Adding equal numbers 149
Subtracting numbers up to 25 157
Subtracting single and double digit numbers up to 30 165
Adding and subtracting numbers up to 30 173
Adding numbers up to 40 181
Subtracting two-digit numbers 187
Doubling, tripling, and quadrupling up to 50 193
Adding double-digit numbers ending in 0 199
Subtracting double-digit numbers ending in 0 205
The Verbal Math Lesson 1 ▶ Page 5
1
WORKING WITH NOTHING
Let’s learn the concept of 0.
Teacher: Clear a desk or a table. Place a pen and say: “There is one pen on
the table.” Ask: “Are there any pencils on the table?”
The answer should be: NO.
Say: “There is one pen and no pencils on the table. In math we say, there is
one pen and zero pencils on the table. Zero means nothing.”
EXERCISE I
Ask your child to give examples of zero. Here are some.
• If my feet are bare, that means I am wearing zero socks.
• If the road is empty, that means there are zero cars on the road.
• The garage was empty. Until my mom parked her car in it,
there were zero cars in the garage.
• If no one puts money in a piggy bank, it has zero money.
• Before I planted a rose in an empty garden, there were zero roses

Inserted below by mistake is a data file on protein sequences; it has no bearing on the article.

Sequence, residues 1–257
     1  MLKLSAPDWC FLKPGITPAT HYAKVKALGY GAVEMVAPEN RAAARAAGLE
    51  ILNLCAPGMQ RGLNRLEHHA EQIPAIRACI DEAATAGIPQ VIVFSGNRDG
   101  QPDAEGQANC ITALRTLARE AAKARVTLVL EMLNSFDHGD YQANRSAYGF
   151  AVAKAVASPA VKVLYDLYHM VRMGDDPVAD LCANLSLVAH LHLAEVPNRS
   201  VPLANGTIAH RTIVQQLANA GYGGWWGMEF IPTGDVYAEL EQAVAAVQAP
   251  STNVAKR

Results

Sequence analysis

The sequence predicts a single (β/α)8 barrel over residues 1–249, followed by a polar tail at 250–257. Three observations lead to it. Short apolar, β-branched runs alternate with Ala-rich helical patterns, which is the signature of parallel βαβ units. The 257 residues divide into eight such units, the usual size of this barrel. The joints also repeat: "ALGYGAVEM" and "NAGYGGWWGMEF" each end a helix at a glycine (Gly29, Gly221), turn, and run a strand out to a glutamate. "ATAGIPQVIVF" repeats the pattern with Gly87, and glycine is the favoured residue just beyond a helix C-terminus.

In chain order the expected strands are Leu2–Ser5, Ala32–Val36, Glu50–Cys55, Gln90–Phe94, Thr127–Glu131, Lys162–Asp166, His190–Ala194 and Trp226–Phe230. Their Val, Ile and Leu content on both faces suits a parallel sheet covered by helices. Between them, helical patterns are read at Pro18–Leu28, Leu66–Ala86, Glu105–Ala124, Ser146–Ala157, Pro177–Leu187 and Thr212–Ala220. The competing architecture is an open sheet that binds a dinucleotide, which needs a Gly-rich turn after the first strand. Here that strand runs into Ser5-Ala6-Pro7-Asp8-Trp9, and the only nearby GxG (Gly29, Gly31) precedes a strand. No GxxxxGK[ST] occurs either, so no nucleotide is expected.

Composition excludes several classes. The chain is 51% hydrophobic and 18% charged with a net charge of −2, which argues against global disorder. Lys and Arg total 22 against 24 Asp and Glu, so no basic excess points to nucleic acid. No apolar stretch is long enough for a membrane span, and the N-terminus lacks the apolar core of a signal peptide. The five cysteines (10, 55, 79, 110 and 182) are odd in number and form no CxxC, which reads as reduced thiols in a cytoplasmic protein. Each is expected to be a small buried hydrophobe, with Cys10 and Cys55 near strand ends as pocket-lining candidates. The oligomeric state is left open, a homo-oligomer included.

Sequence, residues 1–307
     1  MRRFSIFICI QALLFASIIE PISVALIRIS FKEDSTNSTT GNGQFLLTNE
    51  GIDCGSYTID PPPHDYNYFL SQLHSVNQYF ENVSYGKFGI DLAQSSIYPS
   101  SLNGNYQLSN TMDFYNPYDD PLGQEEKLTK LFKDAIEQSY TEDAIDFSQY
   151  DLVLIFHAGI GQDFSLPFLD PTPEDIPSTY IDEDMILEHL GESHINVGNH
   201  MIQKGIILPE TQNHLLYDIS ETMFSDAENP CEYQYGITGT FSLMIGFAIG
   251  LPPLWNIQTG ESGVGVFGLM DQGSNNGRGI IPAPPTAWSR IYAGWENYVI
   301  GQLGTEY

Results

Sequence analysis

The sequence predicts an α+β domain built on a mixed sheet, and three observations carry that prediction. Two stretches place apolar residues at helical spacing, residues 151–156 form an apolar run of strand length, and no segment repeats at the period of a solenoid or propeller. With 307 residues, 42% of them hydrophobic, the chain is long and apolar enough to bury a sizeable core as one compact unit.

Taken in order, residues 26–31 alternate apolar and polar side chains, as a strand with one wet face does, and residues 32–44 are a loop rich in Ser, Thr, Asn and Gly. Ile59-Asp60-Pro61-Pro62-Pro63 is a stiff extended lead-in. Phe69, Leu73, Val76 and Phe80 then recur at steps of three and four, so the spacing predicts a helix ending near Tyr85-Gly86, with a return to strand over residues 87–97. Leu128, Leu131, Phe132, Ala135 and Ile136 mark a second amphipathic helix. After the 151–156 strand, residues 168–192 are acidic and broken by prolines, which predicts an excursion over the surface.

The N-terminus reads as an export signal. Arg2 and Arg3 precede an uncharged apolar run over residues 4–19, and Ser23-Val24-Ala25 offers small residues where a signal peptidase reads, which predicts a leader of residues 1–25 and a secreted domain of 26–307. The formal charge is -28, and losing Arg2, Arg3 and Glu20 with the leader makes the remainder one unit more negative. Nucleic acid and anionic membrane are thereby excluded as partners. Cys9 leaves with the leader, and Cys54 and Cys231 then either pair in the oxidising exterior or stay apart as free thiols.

growing there.
• After I took the last cookie from the jar, there were zero cookies
left in the jar.
The Verbal Math Lesson 1 ▶ Page 7
EXERCISE II
▶ The rule: If you add a zero to a number, the number does not change.
What is 1 + 0 = ? Child should answer: 1
2+0=2
3+0=3
1+0=1
0+1=1
0+2=2
0+5=5
What is 2 million gazillion plus zero? Ans: 2 million gazillion.
WORD PROBLEMS
1. We had 2 pictures on the wall and put up no new pictures. How
many pictures are on the wall? Ans: 2 pictures
Solution: 2 pictures + 0 pictures = 2 pictures.
So, the answer is 2 pictures.
2. A pet store had 4 birds in a cage. No new birds were put in the
cage. How many birds are in the cage now? Ans: 4 birds.
3. There were 10 monkeys on a tree. No new monkeys came. How
many monkeys are on the tree now? Ans: 10 monkeys.
4. The table was empty before I put 4 plates on it. How many
plates are on the table now? Ans: 4 plates.
Solution: mathematically speaking, 0 plates + 4 plates = 4
plates. Therefore, the answer is 4 plates.
5. On an empty field. The construction crew built 5 houses on a
field. How many houses are on the field now?
Ans: 5 houses (0 + 5 = 5).
6. My backyard had no holes. Then 3 gophers dug 6 holes.
How many holes are in my backyard now?
Ans: 6 holes. Don’t confuse holes with 3 gophers. There could
have been hundreds of hole-digging gophers, but we are not
counting the gophers, only the holes they dug.
7. The page was empty. Then 2 children drew 3 squares in 4
minutes. How many squares are on the page now?
Ans: 3 squares, because (0 + 3 = 3).
The Verbal Math Lesson 1 ▶ Page 8
2
COUNTING AND SIMPLE ADDING
EXERCISE I
• Count up to 5 forwards and then backwards.
• Count forwards and backwards from 4 to 10.